The ebb and flow of beard popularity tells a rich and fascinating history of men's facial hair. Some beards were functional and others were simply stylish. Varying beard styles throughout history all served a purpose for each man bold enough to grow one.
Beards and Ancient Civilizations
For the most primitive man, thick and unruly facial hair was grown for warmth. It is also thought that beards were grown as an intimidation factor and to appear more fierce to a man's enemy. The bigger your beard, the better you were at hunting, fighting and tracking. Similar to how a lion's mane indicates his health and prowess. Additionally, big, burly beards often softened blows to the face during combat.
Ancient Egyptians took great care of their decorative beards. Historians describe Egyptians dyeing and plaiting their long beards, with gold threading and ornate decorations. False wooden beards were even constructed for those Pharaohs who could not grow their own impressive facial hair.
Men of ancient Greece took great care of their beards and often wore them styled in elaborate ringlets. Beards came to be a symbol of knowledge and great wisdom, associated with the Philosopher classes.
But beards were not always welcome in all societies-- In the late 1600s, Russia's Peter The Great imposed mandatory beard taxes to encourage men to shave, feeling that men's beards were keeping his country from becoming "fully modern." Peter did, however, sport quite the impressive handlebar mustache himself.
Timeline of American Beard Styles
Beards have fallen in and out of favor throughout American history. During times of beard popularity, styles varied from short and clean to long and burly and pretty much everywhere in between.
Shaving during the Civil War was not easily accomplished, and took a fair amount of time, and so trimming with scissors and shaping your facial hair was much easier, not to mention hygienically safer. Convenience was a huge part of men's facial hair styles during this time.
Named after Civil War General, Ambrose Burnside's epic facial hair, the sideburn quickly gained popularity. It made a comeback again in the 1970s as part of the disco era.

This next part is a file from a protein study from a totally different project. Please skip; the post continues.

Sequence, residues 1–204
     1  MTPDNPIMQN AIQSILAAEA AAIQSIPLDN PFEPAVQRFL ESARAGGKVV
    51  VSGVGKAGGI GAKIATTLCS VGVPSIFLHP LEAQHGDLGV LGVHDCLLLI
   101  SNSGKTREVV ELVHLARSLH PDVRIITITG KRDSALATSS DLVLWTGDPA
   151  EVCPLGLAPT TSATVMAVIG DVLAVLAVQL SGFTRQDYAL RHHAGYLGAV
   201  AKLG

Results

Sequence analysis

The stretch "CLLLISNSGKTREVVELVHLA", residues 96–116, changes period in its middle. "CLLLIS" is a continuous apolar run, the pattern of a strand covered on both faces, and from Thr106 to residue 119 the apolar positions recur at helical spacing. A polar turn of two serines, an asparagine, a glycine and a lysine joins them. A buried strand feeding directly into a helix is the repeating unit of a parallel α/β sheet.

Around the same time, Abraham Lincoln inspired the growing "chin curtain" beard trend, which persisted for several years.
Early to Mid 1900s
The last President to date to wear a mustache, William Taft, inspired millions of men to carefully and meticulously style their handlebar mustache. Mustaches of all shapes and sizes persisted in popularity into the mid 1900s.
After the World Wars, shaving became the rage with the invention of the safety razor. Men in the military were issued the Gillette safety razors, and the clean shaven 'All American' man was projected as the preferred visage.
In the post-war 1950s, jazz and soul movements, as well as the beatnik movement, led the way for the goatee. This is one of the facial hair trends that still remains popular today: Idris Elba, George Clooney, Robert Downey Jr., and Common are among modern-day celebrities who wear the goatee best.
The early 1970s saw a temporary resurgence in the full-bodied beard, popularized by the actor Dan Haggerty in his role of Grizzy Adams, the mountain man.
The horseshoe mustache, also known as the "porn-stache," was a crowd pleaser in the late 1970s. However, that trend didn't last very long. The chevron shaped mustache soon replaced the horseshoe in the 1980s. The chevron was a style popularized by Tom Selleck.
Goatees were still big during this time period and were sometimes paired with the chevron mustache for a maximum impact.
Beards Are Big in the 2000s
Beards have always been a part of American pop culture and an expression of style, but beard lovers are rejoicing as beards have grown with increasing popularity. In the early 2000s a goatee and scruffy beard hybrid was spotted on Keanu Reeves and Matt LeBlanc. We also can never forget about the "man bun" and beard combination that took hold in 2015 and caught fire for a few years.
Powerlifters, professional athletes, creative intellectuals, and adventurous motorbike riders have all embraced the modern day beard as part of their identities.
Overall, beards are trending up across all types of men all over the nation and we are loving it. From Jim Carrey's "yeard" to Brad Pitt's full beard, and even Drake's lined-up beard, beards are here to stay through the rest of the 2000s and beyond.